Ewart Boddington, chairman of the Brewers’ Society, concedes that the British pub is in peril, despite total takings last year of £12 billion. “Many pubs and clubs are on a knife edge, struggling to maintain their standards, but at a level of trade that makes it difficult to sustain profits.”
Like the breweries that own most of them, they must adapt or perish. It is not difficult to see why.
The Canalside New Inn in Oldbury was tyupical of Black Country pubs for more than a century. “It was a spit and sawdust place where men would sink a dozen pints to replace the fluids sweated away during a day in front of the blast furnace.” Graham Page, marketing director of Ansells, recalls. In its old form it could not – and did not – survive. The blast furnaces have cooled and cracked. The men are part of a local jobless rate of 15%. They neither need nor can afford to swill today’s high-priced pints.
As Boddington explained, recession has been a major factor in depressing beer trade, which has sunk back to 1973 levels in recent years. “This is especially marked in areas of heavy industry where beer has traditionally played an important part in social life. People still go to their pubs and clubs but they arrive later, stay less time and drink fewer pints.”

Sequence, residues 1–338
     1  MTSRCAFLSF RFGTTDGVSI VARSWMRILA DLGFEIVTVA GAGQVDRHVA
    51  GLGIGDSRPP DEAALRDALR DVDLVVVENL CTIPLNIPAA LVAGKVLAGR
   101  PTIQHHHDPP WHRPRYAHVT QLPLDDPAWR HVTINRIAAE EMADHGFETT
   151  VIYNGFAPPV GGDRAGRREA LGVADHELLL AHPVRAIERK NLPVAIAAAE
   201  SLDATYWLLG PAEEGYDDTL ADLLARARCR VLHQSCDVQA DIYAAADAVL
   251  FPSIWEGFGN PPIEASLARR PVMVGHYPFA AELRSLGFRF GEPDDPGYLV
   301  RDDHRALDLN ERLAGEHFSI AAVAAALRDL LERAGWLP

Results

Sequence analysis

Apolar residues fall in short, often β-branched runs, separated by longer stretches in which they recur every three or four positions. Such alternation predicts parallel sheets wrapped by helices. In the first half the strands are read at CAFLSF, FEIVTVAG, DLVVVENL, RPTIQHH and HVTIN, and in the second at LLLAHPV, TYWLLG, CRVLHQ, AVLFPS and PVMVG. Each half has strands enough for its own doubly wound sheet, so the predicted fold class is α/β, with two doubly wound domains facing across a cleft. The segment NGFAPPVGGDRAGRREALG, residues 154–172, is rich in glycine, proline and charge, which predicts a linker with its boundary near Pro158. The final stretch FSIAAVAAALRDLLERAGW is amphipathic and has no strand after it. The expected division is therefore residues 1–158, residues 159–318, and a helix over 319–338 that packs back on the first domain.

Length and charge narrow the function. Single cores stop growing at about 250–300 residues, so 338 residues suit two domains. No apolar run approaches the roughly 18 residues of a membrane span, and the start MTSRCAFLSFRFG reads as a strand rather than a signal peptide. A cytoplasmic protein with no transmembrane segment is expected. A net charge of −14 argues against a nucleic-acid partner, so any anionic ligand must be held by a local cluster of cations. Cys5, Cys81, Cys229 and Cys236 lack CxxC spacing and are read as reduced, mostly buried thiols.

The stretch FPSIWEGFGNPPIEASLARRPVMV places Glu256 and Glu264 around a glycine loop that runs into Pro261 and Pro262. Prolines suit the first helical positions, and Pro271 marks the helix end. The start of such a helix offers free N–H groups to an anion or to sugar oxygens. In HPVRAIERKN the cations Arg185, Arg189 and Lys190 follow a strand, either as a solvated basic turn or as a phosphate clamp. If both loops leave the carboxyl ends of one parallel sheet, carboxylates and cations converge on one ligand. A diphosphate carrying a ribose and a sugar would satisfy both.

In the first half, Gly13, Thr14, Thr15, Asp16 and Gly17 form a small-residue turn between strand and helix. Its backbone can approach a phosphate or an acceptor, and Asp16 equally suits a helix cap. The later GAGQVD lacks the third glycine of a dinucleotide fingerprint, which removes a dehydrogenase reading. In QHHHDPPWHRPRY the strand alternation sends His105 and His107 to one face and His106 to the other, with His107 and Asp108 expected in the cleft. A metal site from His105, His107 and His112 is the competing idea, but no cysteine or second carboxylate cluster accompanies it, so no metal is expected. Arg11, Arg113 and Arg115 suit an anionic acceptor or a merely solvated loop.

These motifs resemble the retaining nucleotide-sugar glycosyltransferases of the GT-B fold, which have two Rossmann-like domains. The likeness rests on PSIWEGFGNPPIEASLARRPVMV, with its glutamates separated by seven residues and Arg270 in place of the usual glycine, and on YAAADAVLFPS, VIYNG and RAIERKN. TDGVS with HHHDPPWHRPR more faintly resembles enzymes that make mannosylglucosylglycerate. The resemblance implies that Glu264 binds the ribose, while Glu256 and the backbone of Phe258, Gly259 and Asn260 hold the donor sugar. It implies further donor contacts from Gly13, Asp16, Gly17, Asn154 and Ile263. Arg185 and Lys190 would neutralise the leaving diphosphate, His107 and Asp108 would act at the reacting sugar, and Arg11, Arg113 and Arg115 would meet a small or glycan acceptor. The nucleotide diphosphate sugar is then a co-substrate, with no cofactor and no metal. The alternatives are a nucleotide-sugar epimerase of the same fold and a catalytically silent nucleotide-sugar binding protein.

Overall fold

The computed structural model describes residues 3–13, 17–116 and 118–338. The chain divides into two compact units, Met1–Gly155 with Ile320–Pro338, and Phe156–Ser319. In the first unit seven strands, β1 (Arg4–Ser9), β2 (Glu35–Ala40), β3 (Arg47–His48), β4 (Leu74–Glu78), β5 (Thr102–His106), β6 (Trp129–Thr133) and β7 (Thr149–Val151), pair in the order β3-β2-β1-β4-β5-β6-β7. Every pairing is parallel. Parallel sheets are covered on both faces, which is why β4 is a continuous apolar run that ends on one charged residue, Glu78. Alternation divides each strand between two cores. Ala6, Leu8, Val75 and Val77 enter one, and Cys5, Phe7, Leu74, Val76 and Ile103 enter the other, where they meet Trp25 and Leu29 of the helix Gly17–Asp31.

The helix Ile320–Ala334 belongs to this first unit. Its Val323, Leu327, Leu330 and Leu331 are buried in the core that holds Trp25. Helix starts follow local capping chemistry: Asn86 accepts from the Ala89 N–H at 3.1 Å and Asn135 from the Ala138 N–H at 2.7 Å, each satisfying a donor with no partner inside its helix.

In such areas, pubs have perished. Figures for licensed premises are a poor guide because they do not differentiate between (shrinking) pubs and (booming) hotels. But last week’s report by the Hotel and Catering Industry Training Board suggested that as many as 6,500 pubs closed during the 1970s.
Recession has reinforced social changes that were already beginning to revolutionise drinking habits. Bob Tyrrel of the Henley Centre, says pubs were once a social centre, offering an escape from houses which were often poorly heated, inadequately furnished, ill-provided with entertainment and predominantly now owned by their occupiers.
“In recent, more affluent times, there has been a shift towards the self-service or take-home leisure economy.” The home is used not simply as a place to eat and sleep but also to enjoy, relax and entertain.
Pubs, like cinemas, have suffered from the growth in home entertainment and such activities as do-it-yourself.
According to Boots the DIY brewing market is now worth £71m a year and growing at an annual 6%. Stay-at-home trends have further been reinforced by increasingly punitive drink-drive laws.
The brewers respond, with justification, that they have repeatedly withstood the challenge of new, home-based attractions. “How many times have I read the obituary of the pub?” asked one. “In the past, the culprit has been music hall, pianos in the parlour, cinema, dance halls, wireless, allotments, DIY, television, the coming of ITV and so on. Yet the pub survives.”